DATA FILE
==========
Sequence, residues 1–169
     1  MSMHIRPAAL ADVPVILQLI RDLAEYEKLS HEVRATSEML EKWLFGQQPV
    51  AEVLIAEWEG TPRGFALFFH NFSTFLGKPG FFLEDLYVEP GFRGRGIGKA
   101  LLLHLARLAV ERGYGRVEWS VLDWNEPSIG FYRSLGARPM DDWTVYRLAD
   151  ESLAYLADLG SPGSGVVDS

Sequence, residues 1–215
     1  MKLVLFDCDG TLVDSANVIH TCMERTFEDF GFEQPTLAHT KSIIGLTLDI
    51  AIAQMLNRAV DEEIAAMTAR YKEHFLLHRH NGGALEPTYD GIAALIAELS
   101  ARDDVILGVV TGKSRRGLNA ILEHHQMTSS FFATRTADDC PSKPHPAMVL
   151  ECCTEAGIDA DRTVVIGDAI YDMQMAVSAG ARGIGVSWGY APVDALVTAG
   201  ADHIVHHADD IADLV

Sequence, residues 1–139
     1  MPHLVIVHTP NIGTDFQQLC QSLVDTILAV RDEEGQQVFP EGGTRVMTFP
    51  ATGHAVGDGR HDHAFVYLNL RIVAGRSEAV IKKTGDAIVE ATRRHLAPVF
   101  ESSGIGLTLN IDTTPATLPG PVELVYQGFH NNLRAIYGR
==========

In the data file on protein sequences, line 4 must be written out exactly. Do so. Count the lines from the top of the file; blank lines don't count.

   101  LLLHLARLAV ERGYGRVEWS VLDWNEPSIG FYRSLGARPM DDWTVYRLAD